Cheung Chau Bike Rental
Rent a bike (for as cheap as $50 for the day) and ride around the island. Turn left when you get off the ferry and stroll along the waterfront until you get to a bike rental shop. You may be asked to leave a deposit, but it’s refundable when you return your bike. From there, you can head to the beach, visit the caves or just explore where you like. Bikes come with baskets for your bag and locks so you can keep them safe while you explore.
Read More: The Best Cycling Trails in Hong Kong
Where To Shop On Cheung Chau Island
There are lots of local shops, boutiques and stores selling everything from souvenir trinkets to sarongs, jewellery and more on Cheung Chau. Here are a few of our favourites:
myarts is full of unique pieces and crafts by local designers. Whether you’re looking for small homeware items, jewellery, greeting cards, decorative pieces or eco-friendly gifts, you’re sure to find them here.
Myarts, G/F, 3 Tung Wan Road, Cheung Chau, Hong Kong, www.facebook.com/MyArtsCC
BnB The Creative Workshop
Not strictly a shop, but more of a hybrid between a B&B and an art jamming/creative space, The Creative Workshop is certainly unique to Cheung Chau. Get creative and make your own souvenirs, pick up a lock to add to the Love Lock Garden, or get some henna from the owner.
Cheung Chau Market
Be sure to stroll through Cheung Chau Market where you’ll find traditional dried seafood and other fresh produce. This wet food market will come in handy for those who are staying for a night or two and plan on cooking.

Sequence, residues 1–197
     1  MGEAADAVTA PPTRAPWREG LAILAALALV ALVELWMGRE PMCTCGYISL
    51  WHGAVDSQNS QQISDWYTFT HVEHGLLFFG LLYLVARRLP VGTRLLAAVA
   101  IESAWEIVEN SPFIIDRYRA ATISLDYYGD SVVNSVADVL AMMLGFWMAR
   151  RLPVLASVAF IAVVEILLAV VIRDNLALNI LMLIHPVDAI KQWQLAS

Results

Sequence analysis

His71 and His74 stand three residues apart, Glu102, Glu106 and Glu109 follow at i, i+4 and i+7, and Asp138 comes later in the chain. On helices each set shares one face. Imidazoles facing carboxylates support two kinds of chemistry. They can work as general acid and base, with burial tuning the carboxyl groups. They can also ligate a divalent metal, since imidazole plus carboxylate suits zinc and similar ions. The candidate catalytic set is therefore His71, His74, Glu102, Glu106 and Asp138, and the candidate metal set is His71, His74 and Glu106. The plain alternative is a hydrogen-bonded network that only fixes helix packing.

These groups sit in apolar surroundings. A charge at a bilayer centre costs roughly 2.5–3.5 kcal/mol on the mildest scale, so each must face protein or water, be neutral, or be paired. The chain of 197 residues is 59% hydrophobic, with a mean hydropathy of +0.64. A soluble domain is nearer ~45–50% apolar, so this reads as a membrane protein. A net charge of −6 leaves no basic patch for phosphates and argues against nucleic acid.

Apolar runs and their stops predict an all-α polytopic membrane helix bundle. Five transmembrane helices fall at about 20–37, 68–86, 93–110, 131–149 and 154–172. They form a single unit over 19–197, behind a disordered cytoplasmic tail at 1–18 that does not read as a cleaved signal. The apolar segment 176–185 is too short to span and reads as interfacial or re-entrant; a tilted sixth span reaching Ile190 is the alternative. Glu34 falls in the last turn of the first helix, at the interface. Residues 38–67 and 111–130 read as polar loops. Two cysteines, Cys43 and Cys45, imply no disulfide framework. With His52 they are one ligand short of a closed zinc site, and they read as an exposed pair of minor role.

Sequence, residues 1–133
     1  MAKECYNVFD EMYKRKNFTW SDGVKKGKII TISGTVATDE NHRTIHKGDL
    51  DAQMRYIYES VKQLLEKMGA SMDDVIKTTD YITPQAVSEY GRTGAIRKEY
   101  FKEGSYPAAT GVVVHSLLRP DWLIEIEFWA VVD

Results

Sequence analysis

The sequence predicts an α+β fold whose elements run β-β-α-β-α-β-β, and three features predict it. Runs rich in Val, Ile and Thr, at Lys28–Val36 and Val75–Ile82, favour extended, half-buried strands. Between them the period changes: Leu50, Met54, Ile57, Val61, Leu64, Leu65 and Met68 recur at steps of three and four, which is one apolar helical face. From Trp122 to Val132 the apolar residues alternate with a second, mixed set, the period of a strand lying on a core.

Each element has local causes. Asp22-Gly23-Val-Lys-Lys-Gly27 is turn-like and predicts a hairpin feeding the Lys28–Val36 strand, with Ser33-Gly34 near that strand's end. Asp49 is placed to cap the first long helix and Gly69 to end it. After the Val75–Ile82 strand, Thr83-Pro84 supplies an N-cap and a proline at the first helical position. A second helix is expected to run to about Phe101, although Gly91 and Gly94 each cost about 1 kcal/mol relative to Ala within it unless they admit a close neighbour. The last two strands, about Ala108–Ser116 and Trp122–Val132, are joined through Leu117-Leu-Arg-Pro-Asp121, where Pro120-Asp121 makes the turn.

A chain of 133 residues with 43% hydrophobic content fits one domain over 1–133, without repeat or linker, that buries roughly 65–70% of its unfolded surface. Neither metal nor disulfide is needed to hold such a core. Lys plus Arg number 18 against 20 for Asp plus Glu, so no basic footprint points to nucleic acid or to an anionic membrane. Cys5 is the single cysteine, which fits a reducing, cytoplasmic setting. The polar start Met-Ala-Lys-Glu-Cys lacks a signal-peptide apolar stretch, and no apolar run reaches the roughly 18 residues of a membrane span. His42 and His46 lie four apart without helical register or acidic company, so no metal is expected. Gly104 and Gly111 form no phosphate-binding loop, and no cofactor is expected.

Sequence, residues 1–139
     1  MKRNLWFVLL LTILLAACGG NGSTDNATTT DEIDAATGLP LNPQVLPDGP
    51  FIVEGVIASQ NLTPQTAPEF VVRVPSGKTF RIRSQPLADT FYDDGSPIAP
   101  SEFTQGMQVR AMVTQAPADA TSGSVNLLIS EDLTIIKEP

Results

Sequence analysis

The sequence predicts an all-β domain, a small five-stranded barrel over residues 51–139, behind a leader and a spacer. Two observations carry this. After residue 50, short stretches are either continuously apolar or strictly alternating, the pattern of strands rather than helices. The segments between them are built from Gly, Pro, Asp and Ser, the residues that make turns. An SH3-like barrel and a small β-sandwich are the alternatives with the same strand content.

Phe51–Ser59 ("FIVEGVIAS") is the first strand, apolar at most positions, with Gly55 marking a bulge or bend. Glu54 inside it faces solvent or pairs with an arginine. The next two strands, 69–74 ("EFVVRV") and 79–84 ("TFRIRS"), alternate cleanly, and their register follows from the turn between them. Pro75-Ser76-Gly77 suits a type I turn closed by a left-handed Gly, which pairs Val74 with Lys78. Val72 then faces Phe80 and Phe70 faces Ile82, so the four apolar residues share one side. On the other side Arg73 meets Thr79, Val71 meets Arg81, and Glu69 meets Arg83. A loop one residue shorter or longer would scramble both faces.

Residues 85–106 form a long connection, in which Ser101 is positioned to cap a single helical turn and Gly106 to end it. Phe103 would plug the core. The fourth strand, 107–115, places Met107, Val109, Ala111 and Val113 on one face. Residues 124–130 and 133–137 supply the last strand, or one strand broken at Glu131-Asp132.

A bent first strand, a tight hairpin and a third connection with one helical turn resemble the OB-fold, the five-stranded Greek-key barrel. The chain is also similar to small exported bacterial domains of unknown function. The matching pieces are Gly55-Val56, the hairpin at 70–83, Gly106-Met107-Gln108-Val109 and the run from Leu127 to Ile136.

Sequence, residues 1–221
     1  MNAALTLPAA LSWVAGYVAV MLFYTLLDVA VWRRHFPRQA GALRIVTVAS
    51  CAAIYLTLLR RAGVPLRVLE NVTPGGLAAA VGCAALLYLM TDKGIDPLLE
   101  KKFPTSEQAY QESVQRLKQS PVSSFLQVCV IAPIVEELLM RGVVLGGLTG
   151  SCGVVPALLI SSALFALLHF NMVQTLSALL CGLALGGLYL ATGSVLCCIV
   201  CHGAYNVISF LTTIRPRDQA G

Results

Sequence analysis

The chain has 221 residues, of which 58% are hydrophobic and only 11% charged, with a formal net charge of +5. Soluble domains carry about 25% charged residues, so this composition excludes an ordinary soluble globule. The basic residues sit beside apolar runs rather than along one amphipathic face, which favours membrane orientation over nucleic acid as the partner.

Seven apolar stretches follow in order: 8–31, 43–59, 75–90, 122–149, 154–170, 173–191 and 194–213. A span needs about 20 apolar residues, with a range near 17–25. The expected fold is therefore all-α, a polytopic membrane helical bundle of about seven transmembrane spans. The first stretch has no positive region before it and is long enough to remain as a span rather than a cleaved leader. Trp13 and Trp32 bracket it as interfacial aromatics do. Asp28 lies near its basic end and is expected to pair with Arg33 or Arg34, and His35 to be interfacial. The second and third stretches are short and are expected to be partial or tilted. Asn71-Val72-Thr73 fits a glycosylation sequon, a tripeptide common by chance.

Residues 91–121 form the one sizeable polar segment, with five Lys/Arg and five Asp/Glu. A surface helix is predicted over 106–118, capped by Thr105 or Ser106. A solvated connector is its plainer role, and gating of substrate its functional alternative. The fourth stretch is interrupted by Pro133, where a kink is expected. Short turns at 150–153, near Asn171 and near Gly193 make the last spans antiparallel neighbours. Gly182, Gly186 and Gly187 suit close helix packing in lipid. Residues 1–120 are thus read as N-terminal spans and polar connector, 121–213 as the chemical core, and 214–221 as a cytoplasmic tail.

Cheung Chau Market, 2 Tai Hing Road, Cheung Chau, Hong Kong
Islander Cheung Chau
As Cheung Chau’s only bottle shop, Islander Cheung Chau is a go-to for a wide selection of Hong Kong craft beers, including brews from Black Kite, Yardley Brothers, Carbon Brews and Dead Man, to name a few. The store also carries non-alcoholic drinks such as kombucha from Taboocha and locally sourced honey sodas. Take your pick and knock one back on the cushioned steps out front.
This little store is quite tucked away but is worth the search as it sells a gorgeous selection of Cheung Chau-made products such as jewellery, bags, cards and accessories. We particularly like the string bags that are made from recycled fishing nets! As well as its store, Island Workbench has a small café just up the road which serves a selection of coffees, teas, pastries and omelettes.